We all face barriers in our lives, some big, some small. These come in many forms, but are most apparent when in the midst of some sort of challenge we've set ourselves. When they appear, we fret and curse and sometimes we let our frustrations get between us and our chance for happiness. Yesterday I faced one of those barriers...
I knew it was there, but I thought, there must be a way either through it or around it. I paddled under the old train bridge and faced 'The Ice Barrier'...
I paddled up to the ice. Surely it was flimsy, just barely holding itself together. Alas, it seemed remarkably solid in spite of its thinness. I paddled from one shore to the other looking for a weak spot. I wacked it with my paddle. It wouldn't break. I was getting frustrated. It was too strong to break, but too thin to walk on safely.
I considered ramming my way through like the old explorers used to do in their stout wooden sailing ships. A closer look at the serrated ice edge changed my mind. My gelcoat would never take that sort of punishment.
I returned to the train bridge and spent some time practicing weaving in and out of the pilings. It was good practice in small boat handling. I began to make up a game with variations: through forward, then backward, alternating the two, skipping every second opening... Well, after confusing the villagers for an hour or so, I retreated down the river to chase the many ducks which live there throughout the winter. I was beginning to have fun in spite of the Barrier!
97/100 temp: -1°C; cloudy; light wind
Update: It seems Freya has 'hit' her own 'barrier' on her circumnavigation of the South Island of New Zealand. In launching and returning through the beach surf, her kayak was damaged and part of a paddle was lost. Thankfully she's not hurt and thanks to spares and her own ability to repair her kayak, she will be able to continue. I understand people are working to replace her paddle and boat clips at the first opportunity.
You have to hand it to Freya, well into her second major expedition of 2007. When things turn against her or equipment fails, she gets tough and solves the problem. No complaining, no blaming, just on with the business of moving ahead. Very classy! Good for you, Freya!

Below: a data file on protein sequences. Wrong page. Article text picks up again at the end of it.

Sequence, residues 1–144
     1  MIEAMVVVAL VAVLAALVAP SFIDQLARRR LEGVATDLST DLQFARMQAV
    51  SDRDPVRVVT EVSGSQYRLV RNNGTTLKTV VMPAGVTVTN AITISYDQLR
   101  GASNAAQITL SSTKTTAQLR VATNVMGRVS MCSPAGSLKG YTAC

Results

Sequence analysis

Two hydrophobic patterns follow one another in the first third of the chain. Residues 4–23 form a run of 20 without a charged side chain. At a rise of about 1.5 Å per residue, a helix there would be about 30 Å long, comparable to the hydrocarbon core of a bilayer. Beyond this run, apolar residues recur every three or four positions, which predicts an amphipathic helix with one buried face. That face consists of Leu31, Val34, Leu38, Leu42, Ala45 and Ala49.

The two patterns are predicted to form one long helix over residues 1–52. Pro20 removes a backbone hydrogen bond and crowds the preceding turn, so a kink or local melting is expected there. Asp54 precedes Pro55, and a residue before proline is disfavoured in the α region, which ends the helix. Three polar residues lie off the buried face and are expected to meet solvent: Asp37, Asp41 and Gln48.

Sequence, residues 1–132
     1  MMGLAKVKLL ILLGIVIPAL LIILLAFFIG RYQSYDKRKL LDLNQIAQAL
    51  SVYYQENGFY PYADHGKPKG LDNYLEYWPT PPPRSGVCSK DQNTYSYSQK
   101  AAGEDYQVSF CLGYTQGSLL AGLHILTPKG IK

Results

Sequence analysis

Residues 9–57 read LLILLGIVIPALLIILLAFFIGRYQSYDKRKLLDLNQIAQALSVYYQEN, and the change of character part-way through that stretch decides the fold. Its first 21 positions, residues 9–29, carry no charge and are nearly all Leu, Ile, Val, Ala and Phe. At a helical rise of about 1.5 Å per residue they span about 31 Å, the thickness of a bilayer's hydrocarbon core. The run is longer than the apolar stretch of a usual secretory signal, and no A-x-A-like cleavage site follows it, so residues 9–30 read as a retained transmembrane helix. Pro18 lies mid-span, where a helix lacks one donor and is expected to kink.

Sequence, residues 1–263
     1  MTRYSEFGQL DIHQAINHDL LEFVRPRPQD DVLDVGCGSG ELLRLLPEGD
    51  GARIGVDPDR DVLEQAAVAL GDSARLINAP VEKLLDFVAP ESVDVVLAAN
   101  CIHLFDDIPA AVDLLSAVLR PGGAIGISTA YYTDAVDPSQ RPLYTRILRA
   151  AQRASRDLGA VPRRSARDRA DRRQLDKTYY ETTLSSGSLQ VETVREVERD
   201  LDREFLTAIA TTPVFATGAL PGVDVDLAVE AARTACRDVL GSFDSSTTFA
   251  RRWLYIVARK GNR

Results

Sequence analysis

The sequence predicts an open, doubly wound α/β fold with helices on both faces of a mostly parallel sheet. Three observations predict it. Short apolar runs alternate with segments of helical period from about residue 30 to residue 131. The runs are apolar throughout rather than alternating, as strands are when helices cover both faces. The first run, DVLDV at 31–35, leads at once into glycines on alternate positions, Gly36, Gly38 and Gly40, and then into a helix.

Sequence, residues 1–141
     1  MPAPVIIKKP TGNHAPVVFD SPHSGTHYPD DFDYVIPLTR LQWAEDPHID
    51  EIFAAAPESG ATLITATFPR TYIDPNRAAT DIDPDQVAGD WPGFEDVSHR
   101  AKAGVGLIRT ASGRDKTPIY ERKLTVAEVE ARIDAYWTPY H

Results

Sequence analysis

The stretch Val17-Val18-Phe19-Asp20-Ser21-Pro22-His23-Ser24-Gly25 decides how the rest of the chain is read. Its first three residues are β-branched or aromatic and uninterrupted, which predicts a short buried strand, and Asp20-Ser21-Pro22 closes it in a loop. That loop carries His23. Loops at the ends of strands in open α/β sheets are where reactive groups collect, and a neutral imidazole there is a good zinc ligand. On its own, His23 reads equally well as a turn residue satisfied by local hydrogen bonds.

Check her blog link in the right sidebar for details.
"A closer look at the serrated ice edge changed my mind. My gelcoat would never take that sort of punishment."
You're absolutely right. Michael - and there's more at stake than the gelcoat. I've seen a sailboat which had moved thru skin ice for perhaps half an hour just about holed at the cutwater - right thru thick gelcoat and several layers of cloth and matte. Think of the ice as an endless succession of razor blades...
Sounds exactly like the paddle a few of us did yesterday as we picked our way through huge sheets of ice. Just another paddling experience for those who are willing to go out in the cold.
Great stuff, Michael! Also reminds me of Shackleton's writings and his reference to "the Barrier".
When I saw the word "barrier" it made me think of the time I spent in Venice this year.
They have a dam there connecting the city with the mainland by road and train. For most people that dam is a great facilitator of movement to and from the city in the lagoon. You can now go back and forth by car and train.
Yet the locals refer to it as "the barrier". To the Venetians "the barrier" is not a facilitator of movement, it is an impediment. It cuts off one part of the lagoon from another and force them to make long detours in their boats.
Likewise, your "barrier" might be a fantastic opportunity for someone else :-)
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